• a single project which provides sufficient evidence of the requirements of all the elements and performance criteria
  • multiple smaller projects which together provide sufficient evidence of the requirements of all the elements and performance criteria.
  • A third-party report, or similar, may be needed to testify to the work done by the individual, particularly when the project has been done as part of a project team.
  • Assessment should occur in operational workplace situations. Where this is not possible, or where personal safety or environmental damage are limiting factors, assessment must occur in a sufficiently rigorous simulated environment reflecting realistic operational workplace conditions. This must cover all aspects of workplace performance, including environment, task skills, task management skills, contingency management skills and job role environment skills.
  • Knowledge evidence may be collected concurrently with performance evidence (provided a record is kept) or through an independent process, such as workbooks, written assessments or interviews (provided a record is kept).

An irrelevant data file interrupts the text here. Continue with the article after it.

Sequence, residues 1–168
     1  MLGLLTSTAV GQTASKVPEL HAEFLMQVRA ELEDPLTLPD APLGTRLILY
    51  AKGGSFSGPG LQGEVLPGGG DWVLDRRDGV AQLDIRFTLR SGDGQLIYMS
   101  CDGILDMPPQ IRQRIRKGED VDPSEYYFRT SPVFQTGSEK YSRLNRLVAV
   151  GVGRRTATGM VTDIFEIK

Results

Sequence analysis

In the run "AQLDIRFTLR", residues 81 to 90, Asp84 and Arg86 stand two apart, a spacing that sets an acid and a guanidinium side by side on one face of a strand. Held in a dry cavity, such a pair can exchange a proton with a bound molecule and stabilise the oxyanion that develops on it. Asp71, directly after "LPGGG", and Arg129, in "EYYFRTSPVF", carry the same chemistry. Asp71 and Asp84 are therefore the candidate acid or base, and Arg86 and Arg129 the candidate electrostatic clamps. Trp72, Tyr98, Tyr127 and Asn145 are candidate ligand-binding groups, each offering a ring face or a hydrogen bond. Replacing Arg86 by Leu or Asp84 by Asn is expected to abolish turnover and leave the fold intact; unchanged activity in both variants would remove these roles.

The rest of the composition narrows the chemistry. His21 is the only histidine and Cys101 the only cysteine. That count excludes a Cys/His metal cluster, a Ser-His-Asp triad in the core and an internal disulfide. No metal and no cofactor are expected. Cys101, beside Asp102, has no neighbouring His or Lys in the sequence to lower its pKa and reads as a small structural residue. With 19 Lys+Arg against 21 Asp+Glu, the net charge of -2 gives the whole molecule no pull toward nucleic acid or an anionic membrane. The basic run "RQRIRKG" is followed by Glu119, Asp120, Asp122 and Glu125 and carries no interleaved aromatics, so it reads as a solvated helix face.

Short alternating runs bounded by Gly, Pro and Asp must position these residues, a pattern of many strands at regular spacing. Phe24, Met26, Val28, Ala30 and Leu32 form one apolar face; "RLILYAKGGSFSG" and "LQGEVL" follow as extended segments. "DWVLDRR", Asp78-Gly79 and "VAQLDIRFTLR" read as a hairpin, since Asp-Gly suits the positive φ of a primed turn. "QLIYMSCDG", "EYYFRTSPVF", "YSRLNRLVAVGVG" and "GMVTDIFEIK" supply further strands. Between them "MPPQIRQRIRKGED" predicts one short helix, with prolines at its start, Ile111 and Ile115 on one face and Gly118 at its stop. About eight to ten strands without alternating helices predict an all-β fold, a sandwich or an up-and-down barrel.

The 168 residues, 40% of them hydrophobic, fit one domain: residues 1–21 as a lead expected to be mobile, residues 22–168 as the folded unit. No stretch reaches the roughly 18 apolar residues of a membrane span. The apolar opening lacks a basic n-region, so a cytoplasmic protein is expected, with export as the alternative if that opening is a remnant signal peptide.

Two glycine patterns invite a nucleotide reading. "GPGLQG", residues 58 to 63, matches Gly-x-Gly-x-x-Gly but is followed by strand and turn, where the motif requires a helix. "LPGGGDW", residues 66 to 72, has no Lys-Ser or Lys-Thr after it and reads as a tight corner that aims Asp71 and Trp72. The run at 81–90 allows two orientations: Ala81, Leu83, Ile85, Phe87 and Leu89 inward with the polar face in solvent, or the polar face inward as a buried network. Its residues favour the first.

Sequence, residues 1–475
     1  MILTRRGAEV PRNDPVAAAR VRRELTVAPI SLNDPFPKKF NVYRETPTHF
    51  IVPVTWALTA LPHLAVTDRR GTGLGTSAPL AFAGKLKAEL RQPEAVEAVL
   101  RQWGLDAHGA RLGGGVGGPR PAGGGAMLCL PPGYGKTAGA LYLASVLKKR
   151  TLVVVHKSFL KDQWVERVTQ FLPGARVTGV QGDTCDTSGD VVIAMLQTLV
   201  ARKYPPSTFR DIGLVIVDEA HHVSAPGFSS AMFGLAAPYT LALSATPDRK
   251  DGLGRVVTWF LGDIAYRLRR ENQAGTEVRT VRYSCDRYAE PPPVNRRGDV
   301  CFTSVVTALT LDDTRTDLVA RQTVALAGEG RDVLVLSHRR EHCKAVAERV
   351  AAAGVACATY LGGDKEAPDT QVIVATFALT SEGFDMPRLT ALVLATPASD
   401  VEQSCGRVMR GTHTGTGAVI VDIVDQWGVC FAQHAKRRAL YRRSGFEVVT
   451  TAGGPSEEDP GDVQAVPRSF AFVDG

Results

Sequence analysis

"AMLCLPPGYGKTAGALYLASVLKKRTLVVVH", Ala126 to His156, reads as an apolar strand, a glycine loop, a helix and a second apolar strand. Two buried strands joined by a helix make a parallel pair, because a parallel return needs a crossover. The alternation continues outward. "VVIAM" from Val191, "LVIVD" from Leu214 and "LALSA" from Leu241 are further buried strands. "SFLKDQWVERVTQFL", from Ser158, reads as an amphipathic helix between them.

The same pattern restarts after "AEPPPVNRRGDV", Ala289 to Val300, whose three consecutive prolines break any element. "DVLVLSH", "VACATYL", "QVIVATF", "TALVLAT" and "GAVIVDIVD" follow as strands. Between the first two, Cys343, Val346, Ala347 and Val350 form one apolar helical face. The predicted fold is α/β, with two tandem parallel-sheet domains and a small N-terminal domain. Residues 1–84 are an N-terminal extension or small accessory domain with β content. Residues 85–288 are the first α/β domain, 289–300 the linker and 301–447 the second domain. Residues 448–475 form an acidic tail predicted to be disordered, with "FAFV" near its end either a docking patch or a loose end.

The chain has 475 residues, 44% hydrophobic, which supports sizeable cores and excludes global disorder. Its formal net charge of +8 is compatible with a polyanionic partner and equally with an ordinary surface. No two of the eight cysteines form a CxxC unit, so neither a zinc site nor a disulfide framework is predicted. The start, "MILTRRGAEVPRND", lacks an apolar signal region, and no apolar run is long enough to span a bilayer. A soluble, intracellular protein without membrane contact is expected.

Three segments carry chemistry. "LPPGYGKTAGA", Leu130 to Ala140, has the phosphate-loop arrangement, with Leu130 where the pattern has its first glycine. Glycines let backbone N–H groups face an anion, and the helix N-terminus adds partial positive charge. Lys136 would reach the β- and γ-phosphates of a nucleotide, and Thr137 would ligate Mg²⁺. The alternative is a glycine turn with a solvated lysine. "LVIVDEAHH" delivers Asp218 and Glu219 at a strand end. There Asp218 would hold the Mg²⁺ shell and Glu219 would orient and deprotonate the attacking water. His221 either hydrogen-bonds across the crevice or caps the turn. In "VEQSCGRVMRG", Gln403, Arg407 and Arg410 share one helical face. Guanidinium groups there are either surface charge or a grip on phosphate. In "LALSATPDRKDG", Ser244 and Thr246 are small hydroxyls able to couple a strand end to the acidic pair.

• Where part of a broader role it may be conveniently co-assessed with units relevant to that broader job.
  • Assessment processes and techniques must be appropriate to the language, literacy and numeracy requirements of the work being performed and the needs of the candidate.
  • Conditions for assessment must include access to all tools, equipment, materials and documentation required, including relevant workplace procedures, product and manufacturing specifications associated with this unit.
  • The regulatory framework will be reflected in workplace policies and procedures and is not required to be independently assessed.
  • Foundation skills are integral to competent performance of the unit and should not be assessed separately.
  • As a minimum, assessors must satisfy the Standards for Registered Training Organisations 2015 assessor requirements.


Companion Volume implementation guides are found in VETNet - https://vetnet.gov.au/Pages/TrainingDocs.aspx?q=d1287d36-dff4-4e9f-ad2c-9d6270054027